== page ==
All In One

I have a couple of old favorite podcasts, Astronomy Cast (by Dr. Pamela Gay and Frasier Cain) and The Jodcast (by the University of Manchester’s Jodrell Bank ).  Of course in IYA2009 I’m adding 365DaysOfAstronomy to that list.

Now, in a wonderful all-in-one, the January 2009 Jodcast talks to Dr. Gay about the 365DaysOfAstronomy.

12/15 Classroom Report

Well, my outreach program has expanded.  I now do ‘astronomy talks’ in two local schools.  Yesterday I gave a talk to the entire 5th grade at Rod Kelley school.    I spoke for about an hour, and I have to say the kids paid pretty close attention!   I thought it might be too long, but when I finished both powerpoints, there was 20 minutes to do Q&A.

All of the usual suspects showed up for Q&A: What will happen to the Earth when the Sun expands?  What would happen if you fell into a black hole?  etc.

I was worried that the subject matter would be too much ( it hits a lot: distance, mass, sizes, stellar evolution, supernova, white dwarf stars, neutron stars, black holes and scientific notation ) but the teacher said that it fit right in with the curriculum.

11/24 Classroom Visit

As amateur astronomers are wont to do, I spend quite a bit of time doing ‘outreach’ projects in my “spare” time.   On November 24th I visited the 5th-grade GATE (Gifted And Talented Education) classroom at Rucker Elementary School in Gilroy CA.  Here, a bit belated, is my report.

I’ve been doing this for 3 years now, and you’d think I’d be a bit less nervous.  I mean, they’re a bunch of 5th graders, right?  Are you smarter than a 5th grader?  Are you sure?  Because these aren’t ordinary 5th graders.  These are GATE students, and they’re probably as smart, or smarter, than I am.   I’m continually amazed by my GATE-identified daughter (now in 7th grade).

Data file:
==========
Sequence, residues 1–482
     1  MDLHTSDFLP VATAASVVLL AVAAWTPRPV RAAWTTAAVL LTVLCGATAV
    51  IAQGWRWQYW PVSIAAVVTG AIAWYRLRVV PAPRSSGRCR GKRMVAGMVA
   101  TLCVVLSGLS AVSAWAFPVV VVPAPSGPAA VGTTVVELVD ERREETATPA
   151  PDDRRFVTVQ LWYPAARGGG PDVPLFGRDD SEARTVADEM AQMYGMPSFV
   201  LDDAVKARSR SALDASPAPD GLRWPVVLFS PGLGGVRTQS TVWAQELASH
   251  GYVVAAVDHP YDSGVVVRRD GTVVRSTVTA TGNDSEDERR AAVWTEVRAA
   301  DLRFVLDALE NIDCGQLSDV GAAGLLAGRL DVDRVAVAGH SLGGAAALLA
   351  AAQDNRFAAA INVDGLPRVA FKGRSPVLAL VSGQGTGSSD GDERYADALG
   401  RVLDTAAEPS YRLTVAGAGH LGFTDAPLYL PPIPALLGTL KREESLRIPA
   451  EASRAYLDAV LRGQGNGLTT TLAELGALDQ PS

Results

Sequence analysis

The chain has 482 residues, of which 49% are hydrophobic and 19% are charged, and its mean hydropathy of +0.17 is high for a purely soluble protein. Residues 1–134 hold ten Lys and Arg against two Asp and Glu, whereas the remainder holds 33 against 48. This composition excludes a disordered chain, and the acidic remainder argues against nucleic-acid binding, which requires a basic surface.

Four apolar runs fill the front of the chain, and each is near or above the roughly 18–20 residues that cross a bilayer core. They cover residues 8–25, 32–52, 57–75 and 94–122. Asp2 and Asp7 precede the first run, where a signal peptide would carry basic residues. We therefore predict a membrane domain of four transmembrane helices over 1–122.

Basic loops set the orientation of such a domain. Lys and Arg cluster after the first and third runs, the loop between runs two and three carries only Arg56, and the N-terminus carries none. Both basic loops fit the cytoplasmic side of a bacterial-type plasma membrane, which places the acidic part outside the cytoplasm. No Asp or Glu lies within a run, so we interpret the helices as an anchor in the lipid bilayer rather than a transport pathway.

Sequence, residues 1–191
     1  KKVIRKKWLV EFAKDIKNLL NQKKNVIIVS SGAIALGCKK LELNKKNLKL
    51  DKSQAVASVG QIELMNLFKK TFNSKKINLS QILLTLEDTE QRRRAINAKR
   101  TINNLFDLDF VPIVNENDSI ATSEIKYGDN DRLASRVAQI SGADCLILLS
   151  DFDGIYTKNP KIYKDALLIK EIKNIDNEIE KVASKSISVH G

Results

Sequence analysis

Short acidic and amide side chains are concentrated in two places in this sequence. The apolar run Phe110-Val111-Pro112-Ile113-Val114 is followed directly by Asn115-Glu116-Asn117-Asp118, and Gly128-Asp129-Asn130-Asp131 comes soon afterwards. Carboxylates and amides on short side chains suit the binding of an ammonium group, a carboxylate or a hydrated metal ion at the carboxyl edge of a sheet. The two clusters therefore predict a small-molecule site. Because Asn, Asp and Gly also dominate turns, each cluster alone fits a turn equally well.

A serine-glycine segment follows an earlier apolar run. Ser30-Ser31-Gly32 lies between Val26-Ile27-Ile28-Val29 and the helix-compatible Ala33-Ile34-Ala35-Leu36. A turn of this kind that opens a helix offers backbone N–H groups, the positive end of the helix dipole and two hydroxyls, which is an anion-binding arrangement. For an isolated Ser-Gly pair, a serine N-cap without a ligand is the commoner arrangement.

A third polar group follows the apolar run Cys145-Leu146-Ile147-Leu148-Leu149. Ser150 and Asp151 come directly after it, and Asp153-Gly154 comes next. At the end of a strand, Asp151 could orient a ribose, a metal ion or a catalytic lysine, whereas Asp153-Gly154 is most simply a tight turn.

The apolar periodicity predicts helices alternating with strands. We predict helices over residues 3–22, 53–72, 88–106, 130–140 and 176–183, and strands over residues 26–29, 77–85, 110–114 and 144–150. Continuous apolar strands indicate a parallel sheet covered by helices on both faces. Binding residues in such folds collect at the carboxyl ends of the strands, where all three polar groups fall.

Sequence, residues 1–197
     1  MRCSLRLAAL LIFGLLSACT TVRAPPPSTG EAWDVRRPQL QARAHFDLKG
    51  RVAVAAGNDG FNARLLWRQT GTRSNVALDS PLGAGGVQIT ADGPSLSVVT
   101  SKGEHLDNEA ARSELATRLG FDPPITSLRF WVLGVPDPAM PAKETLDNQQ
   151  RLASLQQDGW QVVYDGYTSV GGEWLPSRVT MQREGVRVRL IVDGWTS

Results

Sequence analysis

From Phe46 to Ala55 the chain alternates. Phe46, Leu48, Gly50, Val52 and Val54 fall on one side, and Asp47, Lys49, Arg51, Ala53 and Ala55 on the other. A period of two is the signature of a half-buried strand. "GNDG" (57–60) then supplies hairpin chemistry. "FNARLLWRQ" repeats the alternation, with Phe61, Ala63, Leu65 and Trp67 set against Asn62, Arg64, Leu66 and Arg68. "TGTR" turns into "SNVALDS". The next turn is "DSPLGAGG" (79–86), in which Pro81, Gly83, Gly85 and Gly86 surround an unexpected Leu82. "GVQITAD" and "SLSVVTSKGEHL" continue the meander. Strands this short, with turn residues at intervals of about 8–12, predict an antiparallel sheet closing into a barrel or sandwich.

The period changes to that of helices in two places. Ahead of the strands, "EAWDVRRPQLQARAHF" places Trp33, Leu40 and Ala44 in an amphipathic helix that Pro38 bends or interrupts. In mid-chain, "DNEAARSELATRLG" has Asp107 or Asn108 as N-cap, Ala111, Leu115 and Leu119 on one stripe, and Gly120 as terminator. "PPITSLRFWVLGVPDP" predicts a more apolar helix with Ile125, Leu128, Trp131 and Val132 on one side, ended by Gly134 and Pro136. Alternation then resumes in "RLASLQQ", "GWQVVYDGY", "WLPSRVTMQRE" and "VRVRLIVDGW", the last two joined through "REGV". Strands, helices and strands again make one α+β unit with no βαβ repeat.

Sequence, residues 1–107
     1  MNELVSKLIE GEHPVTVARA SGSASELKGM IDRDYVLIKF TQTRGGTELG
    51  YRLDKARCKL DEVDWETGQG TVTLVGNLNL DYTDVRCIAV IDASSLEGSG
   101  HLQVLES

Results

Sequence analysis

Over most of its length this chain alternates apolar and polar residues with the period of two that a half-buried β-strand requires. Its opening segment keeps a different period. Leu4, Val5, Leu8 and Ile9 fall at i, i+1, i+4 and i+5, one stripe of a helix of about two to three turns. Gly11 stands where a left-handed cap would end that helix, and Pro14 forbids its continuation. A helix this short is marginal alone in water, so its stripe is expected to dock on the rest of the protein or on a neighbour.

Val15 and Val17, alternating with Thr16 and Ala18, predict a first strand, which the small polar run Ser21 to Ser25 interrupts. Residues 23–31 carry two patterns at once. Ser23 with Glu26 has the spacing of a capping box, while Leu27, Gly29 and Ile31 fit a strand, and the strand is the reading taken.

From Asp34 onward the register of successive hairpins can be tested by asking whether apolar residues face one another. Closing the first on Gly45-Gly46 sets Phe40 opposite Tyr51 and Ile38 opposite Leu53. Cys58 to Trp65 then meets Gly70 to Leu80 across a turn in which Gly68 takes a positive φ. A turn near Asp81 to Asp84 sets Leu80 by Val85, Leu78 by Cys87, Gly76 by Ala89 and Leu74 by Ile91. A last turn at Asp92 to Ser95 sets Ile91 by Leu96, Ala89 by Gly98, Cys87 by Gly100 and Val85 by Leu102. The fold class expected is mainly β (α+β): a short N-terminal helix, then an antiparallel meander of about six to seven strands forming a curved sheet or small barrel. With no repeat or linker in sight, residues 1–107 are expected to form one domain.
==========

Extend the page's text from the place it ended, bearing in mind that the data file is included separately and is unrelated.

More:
I have a PowerPoint I’ve been using and tuning for the last 3 years.   It has evolved along the lines of what the kids found to be ‘cool’, judging by the ‘oh wow’ moments.   Stuff like how dense white dwarf material is ( 106 grams (1 tonne) per cubic centimeter) which of course introduces lots of other related topics: scientific notation, the life cycle of stars, what makes a white dwarf, a neutron star, a black hole, etc.

I gave my standard presentation (I’m working on publishing it to flash with narration) and then I ran a powerpoint published by the Astronomical Society of the Pacific and set to the song “Shoulders of Giants” by Astrocapella.   ( You can download the powerpoint here. By the way, the ‘low resolution’ version is just fine for most computer displays or projectors ).

I think some of the kids found the music to be a bit hokey, but Ms. Hennessy said “The hokey-er, the better”.

The Q&A focused (as it always does) on the weird or attention-grabbing aspects of the presentation.   “What would happen to you if you fell into a black hole?”, “What will happen to the Earth when the sun turns into a red giant?”, “Which would kill you faster, a gunshot to the head or a supernova?”.  There were some really good ones too:  “How do we know how far away other galaxies are?”.  That led into a good 2-3 minute explanation of parallax and standard candles.  I’m going to have to work that into the powerpoint now.

The thing I feel is missing from my presentation is an activity, and I’m thinking of doing one on distances.  I’ve done one like this before, at a presentation at Fremont Peak.  I used simple scale-sized cut-outs for the earth and moon, and had the kids try to guess how far apart they should be (the answer was about 12 feet, way further than they guessed).  Worked like a champ, maybe I’ll do that next time.

I’m trying to get my ‘outreach foot’ in the door at another local school as well.  I’ll let you know how that goes.